yen

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See also: Yen, yên, yến, yeñ, and yeŋ

English[edit]

Pronunciation[edit]

Etymology 1[edit]

From Medhurst[1] and Hepburn’s[2] romanizations, under the influence of earlier Portuguese romanizations, of Japanese (round; a round object) as ye or yen, now (en), from Chinese 銀圓 (yínyuán, round silver object(s), especially a piece of eight): (silver) + (circular, round; yuan, yen, dollar).[3] Cognate with Chinese (yuán, monetary unit, especially RMB) and Korean (won, North or South Korean won).

Noun[edit]

yen (plural yen)

  1. The unit of Japanese currency (symbol: ¥) since 1871, divided into 100 sen.
    • 1872 February 24, “The Export of Rice”, in The Japan Weekly Mail: A Political, Commercial, and Literary Journal, volume III, number 8, Yokohama: ジャパンメール新聞社 = Japan Meru Shinbunsha, OCLC 931924335, page 95, column 1:
      Passing by those clauses of it which demand no notice, we arrive at that which provides that "each proposal (for purchase) must state the price per picul of rice in gold yen." But why in gold yen, a coin as yet so scarce as to be almost beyond the ken of the foreign merchant?
    • 1906 March 28, G[opal] K[rishna] Gokhale, “Budget Speech, 1906”, in Speeches of the Honourable Mr. G. K. Gokhale, C.I.E., Madras: Published by G[anapathi] A[graharam] Natesan & Co., Esplanade, published [1908], OCLC 19902031, pages 171–172:
      Does any one however believe that Japan's glorious achievements would have been possible, if the Government of that country had merely poured money like water on its standing battalions, unaugmented by reserves, and the magnificent spirit of every man, woman and child in that country had not been behind the Army to support it? Japan's ordinary budget for the Army is only about 37.3 millions yen, or a little under six crores of rupees.
    • 2011, Rei Kimura, chapter 7, in Japanese Orchid, [Bangkok?]: Bangkok Books, ISBN 978-616-245-048-8, page 38:
      Taking the cue from his neighbours, Paul fed three 1000 yen notes into a machine beside the TV screen and the silent screen immediately exploded into a kaleidoscope of colours and instructions in Japanese below at least twenty pictures of sexy girls. [] Paul hesitated staring intently at the screen and the waiting girl while the 3,000 yen he had fed into the machine steadily dwindled at the rate of 50 yen a minute.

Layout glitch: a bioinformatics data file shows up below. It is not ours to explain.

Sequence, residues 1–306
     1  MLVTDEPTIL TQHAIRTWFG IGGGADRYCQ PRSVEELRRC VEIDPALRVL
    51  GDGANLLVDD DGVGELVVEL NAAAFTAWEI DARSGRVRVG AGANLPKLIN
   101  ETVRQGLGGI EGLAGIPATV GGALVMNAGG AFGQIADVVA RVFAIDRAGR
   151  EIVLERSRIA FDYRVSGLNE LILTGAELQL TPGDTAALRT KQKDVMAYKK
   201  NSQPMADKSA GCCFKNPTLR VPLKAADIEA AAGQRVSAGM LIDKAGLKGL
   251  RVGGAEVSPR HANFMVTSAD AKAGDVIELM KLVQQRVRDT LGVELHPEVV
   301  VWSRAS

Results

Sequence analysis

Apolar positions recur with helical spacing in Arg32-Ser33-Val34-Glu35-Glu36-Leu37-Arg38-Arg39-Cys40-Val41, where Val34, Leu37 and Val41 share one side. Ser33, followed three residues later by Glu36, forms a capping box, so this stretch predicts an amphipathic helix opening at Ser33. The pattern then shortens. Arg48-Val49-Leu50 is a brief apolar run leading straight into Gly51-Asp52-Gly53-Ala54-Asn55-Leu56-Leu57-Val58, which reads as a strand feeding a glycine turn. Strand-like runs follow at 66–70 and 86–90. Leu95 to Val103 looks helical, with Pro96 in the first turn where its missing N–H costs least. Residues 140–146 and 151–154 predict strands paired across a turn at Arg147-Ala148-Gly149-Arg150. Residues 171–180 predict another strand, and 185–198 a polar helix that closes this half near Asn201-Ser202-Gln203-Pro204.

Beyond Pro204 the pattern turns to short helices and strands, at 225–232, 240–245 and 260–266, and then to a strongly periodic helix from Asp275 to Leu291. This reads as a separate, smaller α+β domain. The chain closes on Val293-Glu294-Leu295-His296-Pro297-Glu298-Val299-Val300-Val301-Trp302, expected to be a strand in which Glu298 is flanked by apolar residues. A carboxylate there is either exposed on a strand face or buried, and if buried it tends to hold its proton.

2. A coin or note worth one yen.
    • 2003, Richard Werner, “Preface”, in Princes of the Yen: Japan’s Central Bankers and the Transformation of the Economy, Armonk, N.Y.: M. E. Sharpe, ISBN 978-0-7656-1048-5:
      When banks lend, they create money out of nothing, without withdrawing it from other parts of the economy. This way, fiscal policy would not have crowded out private-sector activity yen by yen, as actually happened.
Synonyms[edit]
Translations[edit]

Etymology 2[edit]

A painting of an opium-smoker which used to hang in Ah Sing’s opium den on Victoria Street in London, England.

Origin uncertain, but probably from Cantonese (jan5, craving) originally in reference to opium addiction, 煙癮 or 菸癮 (jin1-jan5): , (jin1, smoke, specifically opium). Compare the later yen (“opium”) and yen-yen.[4]

Noun[edit]

yen (plural yens)

  1. A strong desire, urge, or yearning.
    humankind's yen for knowledge
    • 1934, Lew Levenson, chapter XX, in Butterfly Man, New York, N.Y.: Castle Books, OCLC 917633074; republished New York, N.Y.: Castle Books, [1960?], OCLC 6191025, page 208:
      She repeated the words: "You for me and me for you," then hummed: "Two for tea and tea for two …" Her voice trailed off … "All I got is a yen for Diana and my sweet little cute little Zigzag."
    • 1999, Natalie Angier, “Of Hoggamus and Hogwash: Putting Evolutionary Psychology on the Couch”, in Woman: An Intimate Biography, New York, N.Y.: Houghton Mifflin Company, ISBN 978-0-395-69130-4, page 382: